If I am given credits, that is an expense from the government.
It sounds like the government is paying $10, and the citizen is paying $5.

Not at all. Where did you get this idea from?
From you.
BTW, only a fraction of people are using credits, although the GOP claimed the poor leaches would drain the economy from credits, but it didn't happen (This was 90% of the arguments they had)
Don't care what their arguments are/were.
The credits are a cost to government, and need to be added to the cost of the program.


Liberty is subjective. I argue that millions now have the liberty to afford health insurance. There was a saying that said.....

"Granting one liberty is taking away another"


That is fascism, to my understanding.

I don't think you understand fascism. Mussolini claimed its "rule for corporations". Some hated it, and others loved it.
Don't care.

Further, the issue is this doesn't fix one of the major issues of affordability. Employers still choose the plan, and refuse to pay wages instead.

That's unbelievably silly. This is why their are minimum wages. Workforce is slim in the corporate world. Employers have had to choose a plan for as long as I can remember. Now their plans are cheaper.
What does minimum wage have to do with affording healthcare via the plan the company chooses?
Most people work for corporations, somewhere around 70%.
Employers, in my experience, offer only ONE plan, with 1-3 levels of payment (deductable vs. premium). This is not choosing a plan with the coverage you desire.
The fact that they are cheaper is irrelevant to the issue.

Nothing has changed, except allowing health benefits cost 25% less.
You said somewhere that 10% of people are paying more, so it doesn't cost them, does it.
Further, health benefits would cost me infinitely more, since I am to pay for insurance I likely won't use. For what I desire, before the ACA, I could get insurance for about $100/month on my own. Now, I'm assuming it is the same.

We would have been better off with disallowing insurance benefits as business deductions, and allowed an individual tax deduction for the expense (up to X amount).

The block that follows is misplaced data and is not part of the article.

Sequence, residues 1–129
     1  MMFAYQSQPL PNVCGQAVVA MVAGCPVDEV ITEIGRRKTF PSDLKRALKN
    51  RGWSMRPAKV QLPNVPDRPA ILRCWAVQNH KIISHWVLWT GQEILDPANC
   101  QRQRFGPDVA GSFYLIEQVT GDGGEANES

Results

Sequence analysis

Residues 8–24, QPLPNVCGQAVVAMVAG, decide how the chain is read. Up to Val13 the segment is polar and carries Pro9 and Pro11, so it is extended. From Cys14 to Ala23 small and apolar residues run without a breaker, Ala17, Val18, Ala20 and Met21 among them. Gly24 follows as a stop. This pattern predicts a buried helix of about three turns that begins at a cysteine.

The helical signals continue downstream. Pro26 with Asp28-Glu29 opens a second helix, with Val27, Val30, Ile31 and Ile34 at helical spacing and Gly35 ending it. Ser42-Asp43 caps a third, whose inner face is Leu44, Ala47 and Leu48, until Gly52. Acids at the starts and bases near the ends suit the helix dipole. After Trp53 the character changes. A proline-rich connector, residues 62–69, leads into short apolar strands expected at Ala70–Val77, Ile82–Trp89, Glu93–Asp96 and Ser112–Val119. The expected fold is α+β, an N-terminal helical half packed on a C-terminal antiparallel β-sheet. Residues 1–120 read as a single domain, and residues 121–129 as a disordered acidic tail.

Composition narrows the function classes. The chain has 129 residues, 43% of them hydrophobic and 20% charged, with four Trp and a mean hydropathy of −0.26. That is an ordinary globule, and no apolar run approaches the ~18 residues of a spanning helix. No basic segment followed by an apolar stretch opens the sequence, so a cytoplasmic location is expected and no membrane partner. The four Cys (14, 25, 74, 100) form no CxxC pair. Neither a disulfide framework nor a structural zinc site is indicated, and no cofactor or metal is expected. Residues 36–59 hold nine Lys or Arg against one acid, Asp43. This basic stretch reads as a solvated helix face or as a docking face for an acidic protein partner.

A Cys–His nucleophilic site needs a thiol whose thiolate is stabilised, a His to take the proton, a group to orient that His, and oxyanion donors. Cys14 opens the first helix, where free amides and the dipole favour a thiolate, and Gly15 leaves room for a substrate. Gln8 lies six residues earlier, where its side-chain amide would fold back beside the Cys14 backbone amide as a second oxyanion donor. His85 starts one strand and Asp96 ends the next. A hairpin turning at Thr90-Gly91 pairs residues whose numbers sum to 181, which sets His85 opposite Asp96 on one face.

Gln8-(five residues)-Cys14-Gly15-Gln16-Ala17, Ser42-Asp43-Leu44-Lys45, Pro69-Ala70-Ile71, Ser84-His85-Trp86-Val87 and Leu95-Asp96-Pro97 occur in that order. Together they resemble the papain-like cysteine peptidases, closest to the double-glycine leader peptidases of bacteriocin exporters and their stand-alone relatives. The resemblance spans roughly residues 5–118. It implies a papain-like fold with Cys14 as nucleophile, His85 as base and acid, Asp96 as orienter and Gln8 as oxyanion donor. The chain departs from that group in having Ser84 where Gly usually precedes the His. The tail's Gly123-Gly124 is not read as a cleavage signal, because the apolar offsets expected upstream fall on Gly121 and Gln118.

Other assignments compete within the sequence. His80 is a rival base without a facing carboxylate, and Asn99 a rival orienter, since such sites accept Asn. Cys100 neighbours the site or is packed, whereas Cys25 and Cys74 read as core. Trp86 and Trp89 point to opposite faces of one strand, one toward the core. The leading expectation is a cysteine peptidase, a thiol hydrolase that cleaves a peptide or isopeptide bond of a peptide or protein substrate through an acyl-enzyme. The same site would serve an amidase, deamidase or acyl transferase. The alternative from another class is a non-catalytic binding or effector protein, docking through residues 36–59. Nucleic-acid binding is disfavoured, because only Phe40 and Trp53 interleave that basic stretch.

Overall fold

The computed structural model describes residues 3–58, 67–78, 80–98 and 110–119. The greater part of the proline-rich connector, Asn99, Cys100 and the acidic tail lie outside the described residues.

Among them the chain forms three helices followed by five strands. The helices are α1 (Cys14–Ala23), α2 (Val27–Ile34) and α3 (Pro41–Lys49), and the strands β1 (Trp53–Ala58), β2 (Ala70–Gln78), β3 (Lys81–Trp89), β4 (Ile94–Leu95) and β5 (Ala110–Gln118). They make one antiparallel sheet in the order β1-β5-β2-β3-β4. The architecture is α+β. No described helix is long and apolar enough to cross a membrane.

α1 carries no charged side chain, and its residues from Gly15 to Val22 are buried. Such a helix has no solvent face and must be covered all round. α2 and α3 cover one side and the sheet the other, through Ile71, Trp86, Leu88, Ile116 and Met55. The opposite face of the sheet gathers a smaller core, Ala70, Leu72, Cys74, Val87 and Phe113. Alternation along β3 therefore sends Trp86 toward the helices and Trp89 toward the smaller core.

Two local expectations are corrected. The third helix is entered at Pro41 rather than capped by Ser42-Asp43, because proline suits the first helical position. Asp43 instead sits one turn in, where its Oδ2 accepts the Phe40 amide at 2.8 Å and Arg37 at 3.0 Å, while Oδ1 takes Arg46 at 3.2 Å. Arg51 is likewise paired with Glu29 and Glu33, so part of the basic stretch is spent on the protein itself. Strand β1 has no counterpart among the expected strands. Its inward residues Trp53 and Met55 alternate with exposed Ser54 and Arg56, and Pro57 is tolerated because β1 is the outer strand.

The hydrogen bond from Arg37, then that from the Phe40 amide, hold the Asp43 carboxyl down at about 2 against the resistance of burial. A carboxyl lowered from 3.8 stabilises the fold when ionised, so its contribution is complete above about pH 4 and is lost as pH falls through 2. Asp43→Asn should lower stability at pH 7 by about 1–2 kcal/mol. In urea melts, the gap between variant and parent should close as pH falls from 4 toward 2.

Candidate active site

No, credits are a much better and fiscally responsible option. Most corporations have not needed any reimbursement for expenses, and as I understand, you can apply for a tax deduction.
Forcing insurance forces insurance.
If I quit my job and don't have insurance, then I am to be taxed. That is a reason to stay employed....and pay insurance. It benefits the employer.
You can apply for a tax deduction, but it is rare, and only the middle class would likely ever qualify.


You're not getting it. People couldn't AFFORD healthcare (Sorry for cap emphasis)
You're not getting it. That's not my argument.

Health insurance =/= health care.
Give me a policy that doesn't pay for my prescriptions or have a co-pay for visits. Just cover my medical bills for something serious....you know, like any other insurance policy does.

Did you know obamacare was proposed by conservatives? They argued it was fiscally responsible.
Did you know I don't care? Are you suggesting I am some party hack that would have supported this if Bush had done it? I wouldn't have.

Instead of medicare, where we give people free insurance, people are forced to pay for their own healthcare (They still can get medicare if they really can't afford it, but haven't much, which is why spending for medicare will drop billions)

It costs no money, gives millions the right to health care, and actually saves the US budget a couple dozen billion.
I don't think you know what you are talking about.
If medicare is going to the wayside because the elderly need to have insurance, then it costs them more money.
If this is mitiga
My work here is, finally, done.
numberwang
Posts: 1,917
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6/18/2014 12:30:14 PM
Posted: 2 years ago
At 6/17/2014 6:31:22 AM, birdlandmemories wrote:
Look, I'm no specialist here, but what exactly is the problem. Its basic logic. Lower premiums to peoples income, and boom, health care companies have 100,000's of new clients.

ACA lower premiums? No. Premiums have doubled with the ACA (Obamacare), less people pare paying for health insurance, which is also leading to the rest of us paying more.

That is a very, very misleading statistic. The premiums that have possibly increased (according to forbes) are individual market premiums- people buying directly from insurance companies. These insurance plans make up about 5% of total plans (mostly for young people). So saying that premiums have doubled is really misleading, because premiums for 5% of people may have doubled, but premiums for the majority of people haven't or won't. And those people had alternatives for plans anyway, the main reason (as I understand it) these costs would have gone up is because super cheap bad plans are no longer allowed, so they had to buy more expensive plans and the cost of plans went up.

Basically it is too soon to say whether or not obamacare is really affecting costs overall, but saying that it doubled all premiums is really, really wrong.
Khaos_Mage
Posts: 23,214
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6/18/2014 1:01:23 PM
Posted: 2 years ago
Chosen,
here is info about tax credits.
http://www.irs.gov...

You DO NOT qualify if you are offered insurance through your employer.
So, buy it from them, or receive no credit.
This is how it protects businesses. The individual cannot opt to out of insurance to get something else with any aid (credits). Nor will the employer give any concessions for saving the company money.